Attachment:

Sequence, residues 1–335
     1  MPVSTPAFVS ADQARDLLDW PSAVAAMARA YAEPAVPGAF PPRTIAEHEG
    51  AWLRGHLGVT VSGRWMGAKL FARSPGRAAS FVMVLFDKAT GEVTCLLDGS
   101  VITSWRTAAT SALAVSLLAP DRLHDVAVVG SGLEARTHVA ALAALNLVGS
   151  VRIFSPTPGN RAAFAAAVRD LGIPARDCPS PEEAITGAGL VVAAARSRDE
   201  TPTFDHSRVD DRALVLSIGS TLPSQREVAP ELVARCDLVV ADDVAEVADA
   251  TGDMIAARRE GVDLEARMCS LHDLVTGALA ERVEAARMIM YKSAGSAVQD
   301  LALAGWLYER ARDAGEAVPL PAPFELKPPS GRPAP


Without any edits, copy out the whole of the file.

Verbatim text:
Sequence, residues 1–335
     1  MPVSTPAFVS ADQARDLLDW PSAVAAMARA YAEPAVPGAF PPRTIAEHEG
    51  AWLRGHLGVT VSGRWMGAKL FARSPGRAAS FVMVLFDKAT GEVTCLLDGS
   101  VITSWRTAAT SALAVSLLAP DRLHDVAVVG SGLEARTHVA ALAALNLVGS
   151  VRIFSPTPGN RAAFAAAVRD LGIPARDCPS PEEAITGAGL VVAAARSRDE
   201  TPTFDHSRVD DRALVLSIGS TLPSQREVAP ELVARCDLVV ADDVAEVADA
   251  TGDMIAARRE GVDLEARMCS LHDLVTGALA ERVEAARMIM YKSAGSAVQD
   301  LALAGWLYER ARDAGEAVPL PAPFELKPPS GRPAP